Linux:

javac ./src/com/amazon/webservices/awsecommerceservice/_2007_05_14/*.java -cp `cygpath -wp ./lib/jaxb-api-2.0.2.jar:./lib/stax-api-1.0.1.jar:./lib/axiom-api-1.2.4.jar:./lib/axis2-kernel-1.2.jar:./lib/wsdl4j-1.6.2.jar:./build` -d build -Xlint:unchecked

jar cvfM ./dist/AWS2007_05_14.jar -C ./build .

After executing it, a file called AWS2007_05_14.jar will be located in the "dist" directory. It can be used in both both client and server side projects to reduce coding effort.

Coding Server-Side Business Logic

Even though we now count with a library which is in charge of marshaling and unmarshalling the remote invocations, we still need to take a look at one of its source files: ShoppingStoreServiceSkeletonInterface.java. This file is very useful for the server-side code since it describes the method names, their parameters and the return type of the operations the service will expose. Here you can see (a neat version of) the generated file:

    /**

     * ShoppingStoreServiceSkeletonInterface.java

     */

    package com.amazon.webservices.awsecommerceservice._2007_05_14;

 

    public interface ShoppingStoreServiceSkeletonInterface {

                                

                public CartGetResponse CartGet (CartGet cartGet);

        public CartAddResponse CartAdd(CartAdd cartAdd);

        public CartCreateResponse CartCreate(CartCreate cartCreate);

        public CartModifyResponse CartModify(CartModify cartModify);

        public CartClearResponse CartClear(CartClear cartClear);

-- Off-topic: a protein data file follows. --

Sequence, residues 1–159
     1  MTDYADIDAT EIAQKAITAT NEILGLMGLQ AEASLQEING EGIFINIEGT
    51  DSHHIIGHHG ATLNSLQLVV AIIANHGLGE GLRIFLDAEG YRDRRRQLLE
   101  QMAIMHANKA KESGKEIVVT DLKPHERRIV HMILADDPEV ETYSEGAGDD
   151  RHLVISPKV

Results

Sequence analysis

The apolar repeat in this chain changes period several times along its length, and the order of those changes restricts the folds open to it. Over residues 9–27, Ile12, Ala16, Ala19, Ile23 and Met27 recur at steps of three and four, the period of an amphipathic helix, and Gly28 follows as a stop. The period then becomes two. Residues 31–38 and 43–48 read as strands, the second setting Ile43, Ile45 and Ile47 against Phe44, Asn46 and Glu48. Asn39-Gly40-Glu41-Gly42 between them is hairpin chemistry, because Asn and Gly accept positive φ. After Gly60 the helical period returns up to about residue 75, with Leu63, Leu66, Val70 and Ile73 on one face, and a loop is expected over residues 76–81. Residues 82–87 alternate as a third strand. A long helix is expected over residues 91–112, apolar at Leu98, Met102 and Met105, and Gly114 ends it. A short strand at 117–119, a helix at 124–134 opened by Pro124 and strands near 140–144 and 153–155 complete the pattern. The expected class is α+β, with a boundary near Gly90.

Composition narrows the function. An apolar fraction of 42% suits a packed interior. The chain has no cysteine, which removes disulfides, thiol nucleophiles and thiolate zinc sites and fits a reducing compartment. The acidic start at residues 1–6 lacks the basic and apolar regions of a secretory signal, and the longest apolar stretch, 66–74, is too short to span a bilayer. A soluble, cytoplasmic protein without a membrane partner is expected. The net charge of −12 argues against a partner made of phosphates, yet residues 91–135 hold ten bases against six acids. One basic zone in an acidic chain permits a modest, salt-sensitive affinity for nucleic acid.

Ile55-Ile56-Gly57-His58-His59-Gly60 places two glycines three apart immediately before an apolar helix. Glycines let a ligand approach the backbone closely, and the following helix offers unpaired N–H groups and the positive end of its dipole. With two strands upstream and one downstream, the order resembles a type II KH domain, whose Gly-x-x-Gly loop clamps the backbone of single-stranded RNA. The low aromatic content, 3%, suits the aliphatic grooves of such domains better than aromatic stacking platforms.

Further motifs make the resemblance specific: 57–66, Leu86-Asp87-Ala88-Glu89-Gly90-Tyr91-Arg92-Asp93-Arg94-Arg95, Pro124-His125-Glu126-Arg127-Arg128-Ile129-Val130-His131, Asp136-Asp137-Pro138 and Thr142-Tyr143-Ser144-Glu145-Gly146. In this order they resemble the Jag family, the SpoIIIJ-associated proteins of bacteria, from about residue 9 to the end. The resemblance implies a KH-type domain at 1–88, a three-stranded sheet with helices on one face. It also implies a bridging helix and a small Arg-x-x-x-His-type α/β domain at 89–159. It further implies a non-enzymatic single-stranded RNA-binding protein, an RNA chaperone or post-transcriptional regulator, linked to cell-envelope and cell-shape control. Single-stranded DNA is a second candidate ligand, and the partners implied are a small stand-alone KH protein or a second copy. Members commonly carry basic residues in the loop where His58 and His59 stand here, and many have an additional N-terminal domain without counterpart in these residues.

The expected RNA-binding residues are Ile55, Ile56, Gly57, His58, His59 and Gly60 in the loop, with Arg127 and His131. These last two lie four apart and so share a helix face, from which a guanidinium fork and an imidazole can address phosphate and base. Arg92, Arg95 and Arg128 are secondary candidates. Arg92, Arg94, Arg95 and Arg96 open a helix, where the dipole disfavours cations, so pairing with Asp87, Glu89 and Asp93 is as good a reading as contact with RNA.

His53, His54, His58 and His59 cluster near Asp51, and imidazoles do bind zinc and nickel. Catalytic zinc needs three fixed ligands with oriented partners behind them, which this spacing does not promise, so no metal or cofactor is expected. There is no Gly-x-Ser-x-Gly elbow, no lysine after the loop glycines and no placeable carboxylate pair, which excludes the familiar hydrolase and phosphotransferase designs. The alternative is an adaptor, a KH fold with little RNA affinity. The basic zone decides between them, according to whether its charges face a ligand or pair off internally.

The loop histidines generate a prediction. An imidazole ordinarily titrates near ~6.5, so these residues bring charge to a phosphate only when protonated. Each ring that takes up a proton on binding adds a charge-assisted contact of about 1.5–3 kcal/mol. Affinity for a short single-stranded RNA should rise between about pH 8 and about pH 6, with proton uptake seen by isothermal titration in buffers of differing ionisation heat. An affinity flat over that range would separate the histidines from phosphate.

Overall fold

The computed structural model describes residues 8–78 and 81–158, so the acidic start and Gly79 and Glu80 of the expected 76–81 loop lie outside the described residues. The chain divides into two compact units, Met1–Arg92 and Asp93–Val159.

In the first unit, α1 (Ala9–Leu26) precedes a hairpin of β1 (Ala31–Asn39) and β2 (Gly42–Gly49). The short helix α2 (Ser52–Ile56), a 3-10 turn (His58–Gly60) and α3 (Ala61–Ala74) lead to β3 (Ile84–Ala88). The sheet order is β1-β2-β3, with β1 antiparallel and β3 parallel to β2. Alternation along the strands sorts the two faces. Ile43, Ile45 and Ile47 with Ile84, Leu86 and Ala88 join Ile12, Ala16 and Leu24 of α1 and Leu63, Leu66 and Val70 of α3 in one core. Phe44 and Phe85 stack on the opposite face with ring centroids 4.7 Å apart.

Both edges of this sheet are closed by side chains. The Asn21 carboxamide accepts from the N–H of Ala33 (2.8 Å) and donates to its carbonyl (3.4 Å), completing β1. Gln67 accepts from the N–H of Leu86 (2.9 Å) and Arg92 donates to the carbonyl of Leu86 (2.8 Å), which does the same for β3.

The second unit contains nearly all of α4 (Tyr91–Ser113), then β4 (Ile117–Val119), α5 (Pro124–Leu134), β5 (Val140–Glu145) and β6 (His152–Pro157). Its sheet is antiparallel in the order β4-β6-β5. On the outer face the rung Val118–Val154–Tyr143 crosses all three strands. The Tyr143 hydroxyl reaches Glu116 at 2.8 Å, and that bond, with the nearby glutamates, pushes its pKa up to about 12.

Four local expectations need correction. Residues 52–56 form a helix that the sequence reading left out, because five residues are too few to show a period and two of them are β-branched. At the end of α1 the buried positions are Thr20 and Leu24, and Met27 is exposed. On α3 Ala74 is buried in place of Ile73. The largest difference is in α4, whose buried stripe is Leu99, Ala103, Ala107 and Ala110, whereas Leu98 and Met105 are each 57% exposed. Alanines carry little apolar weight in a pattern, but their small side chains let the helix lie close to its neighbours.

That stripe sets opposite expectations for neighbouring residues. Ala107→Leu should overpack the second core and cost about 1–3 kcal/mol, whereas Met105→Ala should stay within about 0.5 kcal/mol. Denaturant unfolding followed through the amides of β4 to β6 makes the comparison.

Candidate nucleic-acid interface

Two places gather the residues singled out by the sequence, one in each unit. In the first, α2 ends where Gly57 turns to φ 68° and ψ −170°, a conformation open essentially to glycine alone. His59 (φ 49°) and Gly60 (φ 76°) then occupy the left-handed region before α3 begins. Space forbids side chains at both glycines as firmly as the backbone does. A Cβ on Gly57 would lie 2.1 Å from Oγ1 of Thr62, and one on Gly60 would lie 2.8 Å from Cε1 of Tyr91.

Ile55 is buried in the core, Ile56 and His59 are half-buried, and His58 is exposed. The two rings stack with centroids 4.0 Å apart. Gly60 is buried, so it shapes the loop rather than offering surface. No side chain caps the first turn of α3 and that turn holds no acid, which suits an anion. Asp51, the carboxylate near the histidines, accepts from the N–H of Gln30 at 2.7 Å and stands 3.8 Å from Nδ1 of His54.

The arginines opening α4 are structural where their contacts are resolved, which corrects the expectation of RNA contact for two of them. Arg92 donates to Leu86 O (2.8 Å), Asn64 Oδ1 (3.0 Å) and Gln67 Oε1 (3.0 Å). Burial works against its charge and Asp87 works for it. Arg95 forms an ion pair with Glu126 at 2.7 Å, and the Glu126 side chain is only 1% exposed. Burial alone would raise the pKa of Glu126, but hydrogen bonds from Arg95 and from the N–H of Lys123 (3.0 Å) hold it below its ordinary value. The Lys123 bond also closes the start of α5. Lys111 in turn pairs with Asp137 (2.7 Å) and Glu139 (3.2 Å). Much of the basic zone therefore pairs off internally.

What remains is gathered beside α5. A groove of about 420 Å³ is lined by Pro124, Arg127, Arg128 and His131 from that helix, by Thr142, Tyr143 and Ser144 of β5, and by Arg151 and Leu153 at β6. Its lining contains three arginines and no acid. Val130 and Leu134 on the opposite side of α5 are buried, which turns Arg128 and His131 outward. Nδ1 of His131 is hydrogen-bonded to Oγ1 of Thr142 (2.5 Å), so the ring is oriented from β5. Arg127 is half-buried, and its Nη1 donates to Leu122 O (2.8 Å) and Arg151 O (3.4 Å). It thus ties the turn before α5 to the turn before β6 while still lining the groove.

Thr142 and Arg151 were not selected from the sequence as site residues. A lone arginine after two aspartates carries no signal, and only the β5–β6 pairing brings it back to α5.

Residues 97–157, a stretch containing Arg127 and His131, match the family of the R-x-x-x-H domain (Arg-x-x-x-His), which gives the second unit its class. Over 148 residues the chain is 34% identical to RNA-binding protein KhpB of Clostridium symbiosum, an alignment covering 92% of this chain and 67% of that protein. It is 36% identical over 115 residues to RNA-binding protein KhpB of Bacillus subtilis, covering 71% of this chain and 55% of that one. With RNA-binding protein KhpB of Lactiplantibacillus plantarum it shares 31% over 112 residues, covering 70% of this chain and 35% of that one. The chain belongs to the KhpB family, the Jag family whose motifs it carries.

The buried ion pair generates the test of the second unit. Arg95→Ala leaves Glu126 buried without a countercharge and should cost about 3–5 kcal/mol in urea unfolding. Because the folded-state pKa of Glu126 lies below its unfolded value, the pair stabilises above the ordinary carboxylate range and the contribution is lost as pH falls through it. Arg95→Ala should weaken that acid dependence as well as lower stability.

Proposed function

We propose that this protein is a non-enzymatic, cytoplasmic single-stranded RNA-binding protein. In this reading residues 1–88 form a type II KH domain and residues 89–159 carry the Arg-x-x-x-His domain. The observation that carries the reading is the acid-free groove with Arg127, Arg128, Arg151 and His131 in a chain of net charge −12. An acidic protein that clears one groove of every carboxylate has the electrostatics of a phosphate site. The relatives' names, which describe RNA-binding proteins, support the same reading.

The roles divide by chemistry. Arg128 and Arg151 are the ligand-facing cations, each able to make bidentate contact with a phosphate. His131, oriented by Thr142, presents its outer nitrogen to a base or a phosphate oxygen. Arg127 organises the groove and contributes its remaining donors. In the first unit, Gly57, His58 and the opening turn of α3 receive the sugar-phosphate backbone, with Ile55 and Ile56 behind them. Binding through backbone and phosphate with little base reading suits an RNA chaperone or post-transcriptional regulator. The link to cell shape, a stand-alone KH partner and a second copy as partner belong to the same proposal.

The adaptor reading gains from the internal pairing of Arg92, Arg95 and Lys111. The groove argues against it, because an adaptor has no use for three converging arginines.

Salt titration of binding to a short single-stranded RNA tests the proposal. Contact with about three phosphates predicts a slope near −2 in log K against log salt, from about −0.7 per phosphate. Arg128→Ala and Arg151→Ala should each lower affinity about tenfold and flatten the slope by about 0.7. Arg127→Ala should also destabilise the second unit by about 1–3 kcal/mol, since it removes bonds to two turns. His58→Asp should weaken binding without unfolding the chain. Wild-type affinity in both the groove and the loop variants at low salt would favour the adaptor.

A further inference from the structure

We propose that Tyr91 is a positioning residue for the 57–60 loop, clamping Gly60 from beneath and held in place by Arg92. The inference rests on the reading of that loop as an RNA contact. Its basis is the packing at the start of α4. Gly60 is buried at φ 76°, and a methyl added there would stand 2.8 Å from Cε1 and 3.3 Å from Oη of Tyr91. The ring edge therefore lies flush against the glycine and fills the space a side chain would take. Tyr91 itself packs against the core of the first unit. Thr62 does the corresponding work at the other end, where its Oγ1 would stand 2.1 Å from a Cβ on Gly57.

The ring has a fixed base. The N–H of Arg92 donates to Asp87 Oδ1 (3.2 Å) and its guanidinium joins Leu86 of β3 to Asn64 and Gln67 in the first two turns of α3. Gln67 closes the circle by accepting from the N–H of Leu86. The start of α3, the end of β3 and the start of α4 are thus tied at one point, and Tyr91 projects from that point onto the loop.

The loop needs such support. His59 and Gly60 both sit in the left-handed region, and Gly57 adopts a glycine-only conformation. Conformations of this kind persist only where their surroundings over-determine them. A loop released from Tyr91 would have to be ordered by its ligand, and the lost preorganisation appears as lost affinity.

}

Take into account that this skeleton file was generated using the reduced version of the Amazon WSDL, therefore it only contains the methods related to the Shopping Cart service.

We are now ready to implement the business logic for the Shopping Cart service...

First, let us create the following directory structure (this will be a new "project", thus create it in a new location):

  1. build -> this directory will contain everything needed to generate the jar containing the Shopping Store app.
    1. wsdl
      1. shoppingstore.wsdl -> the reduced Amazon WSDL
    2. shoppingstore.composite -> the content of this file will be explained later
  2. dist -> this directory will contain everything needed to run the Shopping Store application
  3. lib -> lib required to compile and run the Shopping Store application
    1. AWS2007_05_14.jar -> the jar file we have just created
  4. src -> directory containing the source code of the Shopping Store application (we will be explain it later)
    1. shoppingstore
      1. server
        1. ShoppingStoreServer.java
      2. services
        1. cart
          1. CartService.java
          2. CartServiceImpl.java

Now, let us specify its interface (which, in this case, will be identical to the skeleton shown before) in a java file named CartService.java:

package shoppingstore.services.cart;

 

import org.osoa.sca.annotations.Remotable;

 

import com.amazon.webservices.awsecommerceservice._2007_05_14.*;

 

@Remotable

public interface CartService {

                

                public CartCreateResponse CartCreate(CartCreate cartCreate);

                public CartAddResponse CartAdd(CartAdd cartAdd);

                public CartModifyResponse CartModify(CartModify cartModify);